This Is the Weird Reason Revolving Doors Were Invented

If you've ever been flummoxed by a revolving door — who goes in first? Do we go together, or one at a time? How do you keep your rolling suitcase from getting caught? — you have one person to thank: a man by the name of Theophilus van Kannel. Legend has it he invented the device to keep from having to hold open doors for women. His goal seems to have backfired, but his innovation still offers important benefits to this day.

After You? No, After Me

Theophilus van Kannel was born in Pennsylvania in 1841. Though his past is mysterious, it is believed that van Kannel invented the revolutionary door in order to avoid having to hold doors for women. According to the podcast 99% Invisible, "There was nothing he despised more than trying to walk in or out of a building and locking horns with other men in a game of 'oh you first, I insist.'"

He patented his "storm-door structure" in 1888, which included weather stripping to prevent energy loss. The first revolving door was installed at a Times Square restaurant called Rectors in 1889. This invention solved numerous problems that traditional doors couldn't answer. They help regulate temperature and air pressure, thereby saving up to 30 percent of energy costs. An MIT study also found that they exchange eight times less air than traditional doors.

Patent drawing by Theophilus Van Kannel for a "Storm-Door Structure", 1888.

Sorry, Theo

Unfortunately, the world we live in is far off from that straightforward, chivalry-free society van Kammel had dreamed of. When it comes to society, revolving doors created more problems than they solved. For one thing, nobody uses them. That same MIT study found that only 20 to 30 percent of people opt to use revolving doors, while the rest head for the traditional doors.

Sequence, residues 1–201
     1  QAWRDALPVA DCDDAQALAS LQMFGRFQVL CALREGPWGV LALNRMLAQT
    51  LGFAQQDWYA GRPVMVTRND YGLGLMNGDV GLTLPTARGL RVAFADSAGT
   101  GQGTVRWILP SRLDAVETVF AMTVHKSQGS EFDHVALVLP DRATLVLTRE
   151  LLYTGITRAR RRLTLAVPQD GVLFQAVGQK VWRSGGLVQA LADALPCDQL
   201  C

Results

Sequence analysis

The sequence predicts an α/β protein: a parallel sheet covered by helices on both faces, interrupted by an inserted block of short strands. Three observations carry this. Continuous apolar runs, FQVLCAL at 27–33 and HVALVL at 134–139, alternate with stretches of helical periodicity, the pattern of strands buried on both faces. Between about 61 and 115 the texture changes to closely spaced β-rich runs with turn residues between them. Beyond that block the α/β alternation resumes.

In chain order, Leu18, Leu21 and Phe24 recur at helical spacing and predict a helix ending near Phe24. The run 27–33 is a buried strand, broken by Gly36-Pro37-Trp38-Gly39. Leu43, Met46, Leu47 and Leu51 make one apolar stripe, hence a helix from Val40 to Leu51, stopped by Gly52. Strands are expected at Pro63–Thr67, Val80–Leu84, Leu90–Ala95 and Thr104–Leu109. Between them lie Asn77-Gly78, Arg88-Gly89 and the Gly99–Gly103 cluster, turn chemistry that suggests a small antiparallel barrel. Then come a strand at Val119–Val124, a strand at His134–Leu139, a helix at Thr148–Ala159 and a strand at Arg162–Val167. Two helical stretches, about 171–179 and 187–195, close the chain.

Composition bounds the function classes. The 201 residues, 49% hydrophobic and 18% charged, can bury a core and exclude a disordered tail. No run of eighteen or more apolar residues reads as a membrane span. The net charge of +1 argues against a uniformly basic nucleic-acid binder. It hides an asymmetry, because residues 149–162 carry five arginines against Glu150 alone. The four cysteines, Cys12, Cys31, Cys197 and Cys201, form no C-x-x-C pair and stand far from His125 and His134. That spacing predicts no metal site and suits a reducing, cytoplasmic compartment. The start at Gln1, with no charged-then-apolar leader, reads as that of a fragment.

Revolving doors have also been an etiquette nightmare. Sure, men don't have to hold the door for women, now. But should they let women go first? RealSimple asked this question, and about half of readers said yes. That's at the level of chance — not a good sign for the next time you're facing off with a stranger at a revolving door. But according to Park Hyatt Chicago doorman Joe Snyder, ladies first is the wrong approach. Because the first person to go through has to do most of the pushing, Snyder says the man should go first. "A gentleman should always go first and assist the woman through the revolving door, and I observe this on a daily basis," he told RealSimple. Sorry, Theo — when you fix one problem, you often just create more.

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Love inventions? Check out "Mistakes That Worked: 40 Familiar Inventions & How They Came to Be" by Charlotte Foltz Jones and illustrated by John O'Brien. We handpick reading recommendations we think you may like. If you choose to make a purchase, Curiosity will get a share of the sale.

Written by Ashley Hamer April 29, 2017

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